I can speak for myself on this topic. On the day we received the lawsuits I was a bit shaken. No one had ever sued me for something I wrote so it came as a shock. However, over the next few days, this shock became anger – anger that I must now go to court, and not him for all the things that he has done, that we wrote about.

In his lawsuit, he demanded around 50,000 euros per case, which is higher than the amount the court approves in such a cases, so there is a good argument that this indeed is a Slapp case, even if we don’t go to the facts that we have thoroughly researched and carefully wrote these articles, according to all the standards.

5. How would you advise fellow journalists from the regions to tackle Slapps?

I don’t have any idea; this is my first time. It’s useful if a local journalists’ association gives free legal assistance, like in our case.

6. Recently you won an award, would you like to tell us more about it?

Just a few days ago, the Independent Association of Journalists gave me the annual award named after our great late colleague Dejan Anastasijević. The award was for the best online article – that one I mentioned, about illegal legalization of illegally built buildings (good luck in trying to explain that to your public).

It was an honour for me to receive that award, but, as I said during the ceremony, the fact that nothing ever happens after we reveal crime and corruption is making our journalists’ work almost meaningless. But it’s a good feeling to receive such an award, there is no doubt about that.

 

 

BIRN Albania Holds Training on Illicit Financial Flows

The Balkan Investigative Reporting Network in Albania on March 25 in Tirana held a training on illicit financial flows.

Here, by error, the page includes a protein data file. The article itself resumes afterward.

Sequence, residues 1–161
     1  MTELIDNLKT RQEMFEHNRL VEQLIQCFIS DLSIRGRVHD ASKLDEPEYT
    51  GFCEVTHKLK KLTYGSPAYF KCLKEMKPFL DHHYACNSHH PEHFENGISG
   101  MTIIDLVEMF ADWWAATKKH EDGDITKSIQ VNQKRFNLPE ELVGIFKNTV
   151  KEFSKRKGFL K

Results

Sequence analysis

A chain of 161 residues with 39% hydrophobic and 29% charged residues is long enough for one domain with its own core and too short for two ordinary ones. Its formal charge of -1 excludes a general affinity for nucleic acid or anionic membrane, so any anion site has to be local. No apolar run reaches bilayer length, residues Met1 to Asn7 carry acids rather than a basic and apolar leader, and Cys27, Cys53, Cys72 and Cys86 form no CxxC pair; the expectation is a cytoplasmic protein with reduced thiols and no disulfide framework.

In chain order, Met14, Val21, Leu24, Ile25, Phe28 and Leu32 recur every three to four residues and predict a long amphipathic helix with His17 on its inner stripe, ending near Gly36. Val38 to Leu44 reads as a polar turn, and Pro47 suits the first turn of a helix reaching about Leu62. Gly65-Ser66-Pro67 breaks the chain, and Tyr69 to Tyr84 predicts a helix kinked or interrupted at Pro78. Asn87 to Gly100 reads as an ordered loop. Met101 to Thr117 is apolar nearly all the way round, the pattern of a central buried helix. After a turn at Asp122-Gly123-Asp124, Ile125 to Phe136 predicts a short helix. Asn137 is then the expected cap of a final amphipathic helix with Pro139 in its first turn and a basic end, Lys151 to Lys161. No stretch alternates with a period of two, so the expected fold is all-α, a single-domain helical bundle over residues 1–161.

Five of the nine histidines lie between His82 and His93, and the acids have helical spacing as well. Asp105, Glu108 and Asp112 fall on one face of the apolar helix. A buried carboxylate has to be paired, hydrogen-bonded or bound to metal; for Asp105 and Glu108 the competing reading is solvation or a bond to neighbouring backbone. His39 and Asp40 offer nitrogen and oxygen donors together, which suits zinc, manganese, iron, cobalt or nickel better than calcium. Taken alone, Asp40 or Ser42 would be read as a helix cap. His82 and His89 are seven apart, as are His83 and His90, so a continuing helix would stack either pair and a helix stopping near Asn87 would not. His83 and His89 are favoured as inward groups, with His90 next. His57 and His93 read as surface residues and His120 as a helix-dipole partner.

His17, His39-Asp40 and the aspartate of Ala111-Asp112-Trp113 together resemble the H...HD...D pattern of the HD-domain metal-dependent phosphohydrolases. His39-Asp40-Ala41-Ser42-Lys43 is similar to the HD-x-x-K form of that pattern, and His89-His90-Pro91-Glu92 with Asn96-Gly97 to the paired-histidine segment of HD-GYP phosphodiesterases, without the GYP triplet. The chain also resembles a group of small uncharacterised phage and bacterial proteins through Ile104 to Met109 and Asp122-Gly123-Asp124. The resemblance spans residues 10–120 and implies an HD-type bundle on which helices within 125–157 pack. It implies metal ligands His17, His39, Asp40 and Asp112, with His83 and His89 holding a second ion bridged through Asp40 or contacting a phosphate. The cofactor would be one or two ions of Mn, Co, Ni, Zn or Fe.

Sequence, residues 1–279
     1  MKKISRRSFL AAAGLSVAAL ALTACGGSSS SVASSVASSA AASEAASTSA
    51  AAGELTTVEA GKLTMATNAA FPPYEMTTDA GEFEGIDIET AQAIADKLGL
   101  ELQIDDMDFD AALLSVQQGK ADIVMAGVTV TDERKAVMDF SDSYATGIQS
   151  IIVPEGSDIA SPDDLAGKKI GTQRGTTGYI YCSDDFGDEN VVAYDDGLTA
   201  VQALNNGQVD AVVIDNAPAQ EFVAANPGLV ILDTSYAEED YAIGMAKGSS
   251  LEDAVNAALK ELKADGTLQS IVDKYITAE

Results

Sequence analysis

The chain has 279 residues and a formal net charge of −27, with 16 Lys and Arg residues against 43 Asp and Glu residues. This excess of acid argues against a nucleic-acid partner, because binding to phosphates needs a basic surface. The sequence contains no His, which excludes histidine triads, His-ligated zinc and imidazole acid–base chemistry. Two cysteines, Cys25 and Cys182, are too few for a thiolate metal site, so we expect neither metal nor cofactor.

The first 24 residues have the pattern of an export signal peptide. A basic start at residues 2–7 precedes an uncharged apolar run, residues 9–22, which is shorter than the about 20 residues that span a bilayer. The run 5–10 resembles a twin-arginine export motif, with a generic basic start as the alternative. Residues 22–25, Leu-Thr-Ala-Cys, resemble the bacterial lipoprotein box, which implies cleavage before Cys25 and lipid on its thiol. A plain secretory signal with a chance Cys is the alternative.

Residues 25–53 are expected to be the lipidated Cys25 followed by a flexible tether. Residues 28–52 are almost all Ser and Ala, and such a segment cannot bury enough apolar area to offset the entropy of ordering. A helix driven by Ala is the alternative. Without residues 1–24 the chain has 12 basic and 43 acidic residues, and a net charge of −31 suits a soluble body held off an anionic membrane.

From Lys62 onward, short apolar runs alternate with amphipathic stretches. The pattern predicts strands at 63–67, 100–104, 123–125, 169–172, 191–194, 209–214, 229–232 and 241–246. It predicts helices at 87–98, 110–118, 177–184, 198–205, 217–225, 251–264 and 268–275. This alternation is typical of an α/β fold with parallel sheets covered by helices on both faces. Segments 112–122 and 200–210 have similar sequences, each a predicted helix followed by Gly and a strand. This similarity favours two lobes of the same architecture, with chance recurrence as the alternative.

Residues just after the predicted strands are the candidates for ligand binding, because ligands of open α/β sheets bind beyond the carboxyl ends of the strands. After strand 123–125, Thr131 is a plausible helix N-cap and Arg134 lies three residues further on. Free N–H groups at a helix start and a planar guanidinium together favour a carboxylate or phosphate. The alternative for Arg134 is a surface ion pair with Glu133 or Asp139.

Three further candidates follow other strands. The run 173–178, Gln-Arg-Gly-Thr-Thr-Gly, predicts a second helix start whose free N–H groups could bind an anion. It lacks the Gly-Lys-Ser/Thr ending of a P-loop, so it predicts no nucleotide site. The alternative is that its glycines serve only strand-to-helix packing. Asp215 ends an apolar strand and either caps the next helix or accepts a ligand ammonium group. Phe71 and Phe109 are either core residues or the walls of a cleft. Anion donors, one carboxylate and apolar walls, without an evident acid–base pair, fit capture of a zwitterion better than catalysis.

Training was delivered by BIRN Albania editors Besar Likmeta and Vladimir Karaj at the Department of Journalism at the University of Tirana.

Fifteen young and mid-career journalists were present. The editors introduced the participants to the basics of money laundering techniques and how investigative journalists investigate them.

The themes covered included investigating offshore dealings and links to tax havens, beneficial ownership, investigating public procurement contracts, tax evasion, money laundering through real estate, trade-based money laundering, identifying assets and scrutinizing authorities’ actions to prevent illegal money flows, as well as tracking cross-border criminal activities.

The training was held as part of the project “Uncovering Illicit Financial Flows in the Western Balkans”, financed by the Deutsche Gesellschaft für Internationale Zusammenarbeit, GIZ.

The overall goal of this project is to contribute to raising public awareness about illicit financial flows and provide a basis for decision and opinion makers to boost efforts to combat illicit financial flow.

It aims to increase the pool of journalists in Western Balkan countries equipped with tools and techniques in uncovering illicit financial flows, especially across borders.

 

 

BIRN Serbia Journalist Radmilo Markovic Wins Investigative Award

Radmilo Markovic, investigative reporter with BIRN Serbia, was awarded the prestigious Dejan Anastasijevic Investigative Award in the online media category for his reporting on illegal constructions in Belgrade.

Radmilo Markovic was announced as the winner of the award given by the Independent Journalists’ Association of Serbia and the US embassy in Belgrade on Tuesday.

The jury awarded him for his multimedia investigation that identified hundreds of buildings built in Belgrade without permits in the seven years since new construction legislation entered into force, and made legal via apparently illegal means.

“Investigations into this topic and numerous wrongdoings will continue. We and other media have already done some follow-ups. We wrote and we will continue to write on people who illegally obtained gain by damaging the citizens,” Markovic said after the ceremony.

“However, journalists’ work has its limits. From there, the state institutions should take over – thre prosecution, police and courts. Unfortunately, that other part of it is yet to actually start – for this and hundreds of other investigations that journalists have produced in the last decades,” he added.